On Friday 26 September, I head for Valmiera, which is where my mother spent the first five years of her life. I have relatives there – my mother’s cousin on her father’s side, Biruta, and her husband Arturs. They will meet me at Lode, the railway station near their home and just two stops from the city of Valmiera.
On the way to the central railway station in Riga, I drop off my and my cousin Mara’s passports at a Russian travel agent who will arrange visas for our trip to Moscow in two weeks time. I’m carrying a rather heavy backpack – gifts for Biruta and Arturs, my computer, some things for staying overnight, a book to read – and it’s a long walk from the travel agent to the railway station. I’m also quite tired because I barely slept the night before. I trudge along Elizabetas Street, stop at an ATM, withdraw some money and as I turn to head for the station, I trip on the uneven footpath and fall quite dramatically in front of a group of smart looking business men standing outside a swish hotel. They rush to my aid and help me up. I am a bit dazed and shocked. My right ankle is very painful and I’m scared I may have sprained it. I manage to keep walking and realise I have been very lucky – the ankle is bruised and swollen, but the pain is in the muscles and ligaments rather than the bones. I make it to the station and notice my hand is bleeding. This is not an auspicious start to the trip.
The train trip to Valmiera is nothing like any other train trip I have ever experienced. The carriage is completely full by the time we leave the station and it’s incredibly noisy. Everyone seems to be talking at the tops of their voices, both in Latvian and Russian. There is also a group of teenagers who all have mp3 players turned up so loud that you can hear each one over everyone’s conversations. The teenagers call out to each other and wander up and down the carriage periodically – but when the train guard appears, they calm down. I am lucky I am sharing seating with two Russian grandmothers and a young boy - they talk all the way, but they are relatively quiet and calm. I am amazed at the young boy, who engages confidently in a very intense discussion with the two grandmothers and I wish I could speak Russian so I could understand what they are talking about.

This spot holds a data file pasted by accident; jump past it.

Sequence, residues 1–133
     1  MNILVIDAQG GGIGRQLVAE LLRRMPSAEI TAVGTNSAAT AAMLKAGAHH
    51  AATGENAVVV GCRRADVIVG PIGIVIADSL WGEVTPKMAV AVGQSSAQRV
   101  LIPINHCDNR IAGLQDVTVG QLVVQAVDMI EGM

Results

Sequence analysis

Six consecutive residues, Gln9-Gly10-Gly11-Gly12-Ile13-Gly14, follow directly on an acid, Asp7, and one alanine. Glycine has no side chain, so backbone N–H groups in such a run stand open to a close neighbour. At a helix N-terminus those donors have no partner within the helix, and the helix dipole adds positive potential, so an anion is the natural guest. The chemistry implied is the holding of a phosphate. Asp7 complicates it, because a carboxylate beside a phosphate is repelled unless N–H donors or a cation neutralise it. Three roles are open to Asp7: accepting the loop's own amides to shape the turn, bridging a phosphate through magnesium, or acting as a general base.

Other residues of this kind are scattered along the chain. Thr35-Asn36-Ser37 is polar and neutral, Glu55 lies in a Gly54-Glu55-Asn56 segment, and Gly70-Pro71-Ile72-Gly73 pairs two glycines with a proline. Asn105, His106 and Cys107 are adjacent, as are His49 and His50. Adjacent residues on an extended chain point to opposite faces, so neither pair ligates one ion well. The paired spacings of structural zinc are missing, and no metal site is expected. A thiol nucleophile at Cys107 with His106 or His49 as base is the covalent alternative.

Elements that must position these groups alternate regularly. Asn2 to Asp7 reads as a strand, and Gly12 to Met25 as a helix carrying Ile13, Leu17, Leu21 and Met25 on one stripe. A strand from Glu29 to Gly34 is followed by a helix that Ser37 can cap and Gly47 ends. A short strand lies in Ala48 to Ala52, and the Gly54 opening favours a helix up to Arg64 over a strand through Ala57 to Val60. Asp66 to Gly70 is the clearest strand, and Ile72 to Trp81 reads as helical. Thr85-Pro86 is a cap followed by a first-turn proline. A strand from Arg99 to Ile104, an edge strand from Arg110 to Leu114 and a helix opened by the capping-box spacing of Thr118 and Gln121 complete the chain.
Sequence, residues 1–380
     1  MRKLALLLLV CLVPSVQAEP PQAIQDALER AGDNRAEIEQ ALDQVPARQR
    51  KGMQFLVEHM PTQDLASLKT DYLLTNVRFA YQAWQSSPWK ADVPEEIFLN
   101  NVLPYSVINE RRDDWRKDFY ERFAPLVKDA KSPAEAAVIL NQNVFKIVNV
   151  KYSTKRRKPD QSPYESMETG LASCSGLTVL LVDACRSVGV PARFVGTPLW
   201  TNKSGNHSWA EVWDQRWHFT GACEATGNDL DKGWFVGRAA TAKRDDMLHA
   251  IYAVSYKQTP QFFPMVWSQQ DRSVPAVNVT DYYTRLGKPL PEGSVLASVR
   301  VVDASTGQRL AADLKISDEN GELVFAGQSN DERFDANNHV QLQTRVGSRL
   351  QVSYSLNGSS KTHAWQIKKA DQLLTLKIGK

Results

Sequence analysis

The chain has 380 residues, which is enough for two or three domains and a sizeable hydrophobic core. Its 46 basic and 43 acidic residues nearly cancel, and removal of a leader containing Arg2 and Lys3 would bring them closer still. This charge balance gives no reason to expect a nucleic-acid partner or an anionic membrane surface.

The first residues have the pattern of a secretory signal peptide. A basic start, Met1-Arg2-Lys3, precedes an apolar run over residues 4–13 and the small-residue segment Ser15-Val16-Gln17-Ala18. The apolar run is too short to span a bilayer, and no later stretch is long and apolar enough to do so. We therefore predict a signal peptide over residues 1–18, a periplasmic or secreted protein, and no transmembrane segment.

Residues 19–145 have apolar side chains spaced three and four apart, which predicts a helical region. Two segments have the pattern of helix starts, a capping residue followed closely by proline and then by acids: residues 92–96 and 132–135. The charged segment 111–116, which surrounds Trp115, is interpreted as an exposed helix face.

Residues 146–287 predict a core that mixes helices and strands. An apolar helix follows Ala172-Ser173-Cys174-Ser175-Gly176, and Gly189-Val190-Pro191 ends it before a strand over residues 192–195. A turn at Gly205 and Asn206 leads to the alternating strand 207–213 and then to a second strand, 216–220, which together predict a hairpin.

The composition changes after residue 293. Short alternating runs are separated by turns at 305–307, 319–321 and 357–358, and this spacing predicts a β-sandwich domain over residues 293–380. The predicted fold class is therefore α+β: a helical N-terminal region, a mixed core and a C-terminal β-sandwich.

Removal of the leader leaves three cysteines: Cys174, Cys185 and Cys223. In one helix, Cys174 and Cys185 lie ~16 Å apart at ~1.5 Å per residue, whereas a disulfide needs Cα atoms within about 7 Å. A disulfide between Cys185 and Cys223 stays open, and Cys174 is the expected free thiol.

It takes two hours to get to Valmiera and at about half way we stop at Sigulda, a very beautiful city popular for holidays, country walks, cultural festivals, and snow sports in the winter. You can go ballooning, bungie jumping and cycling there, and visit an historic castle. The train magically empties at Sigulde and the carriage quietens down. I ask the guard if there is a toilet on the train and he points me in the right direction. I make my way through two carriages and eventually find the toilet, but when I try the door, it’s locked. All of a sudden it opens and a young man enveloped in a cloud of cigarette smoke glances at me, slams the door shut in my face and locks it. So much for the toilet.
I get out at Lode and almost immediately recognise Biruta and Arturs who are waiting for me. Platforms are at ground level here in Latvia, and I have to climb down quite steep steps to get out of the carriage. I wonder how elderly people or mothers with young children manage.
I met Biruta and her family when I was here in December 2001 and all of Latvia was under snow. Her Soviet built apartment block seemed indistinguishable to me from all the other apartment buildings in Lode, but now the village is green and lush and I can see that the buildings are actually quite different from each other. We walk up five flights of concrete stairs to get to Biruta and Arturs’ apartment. The front doors on this level are all quilted with red and pink vinyl and decorated with brass studs. Inside, the apartment is tiny but cosy. There is a living room with the obligatory wall unit, a small bedroom, a tiny kitchen, and a bathroom and toilet that are each the size of a cupboard in the centre of the apartment. We sit in the living room for a while and talk, then Biruta prepares a lunch of rye bread, cold meats, home made cottage cheese and salad and we move to the tiny kitchen.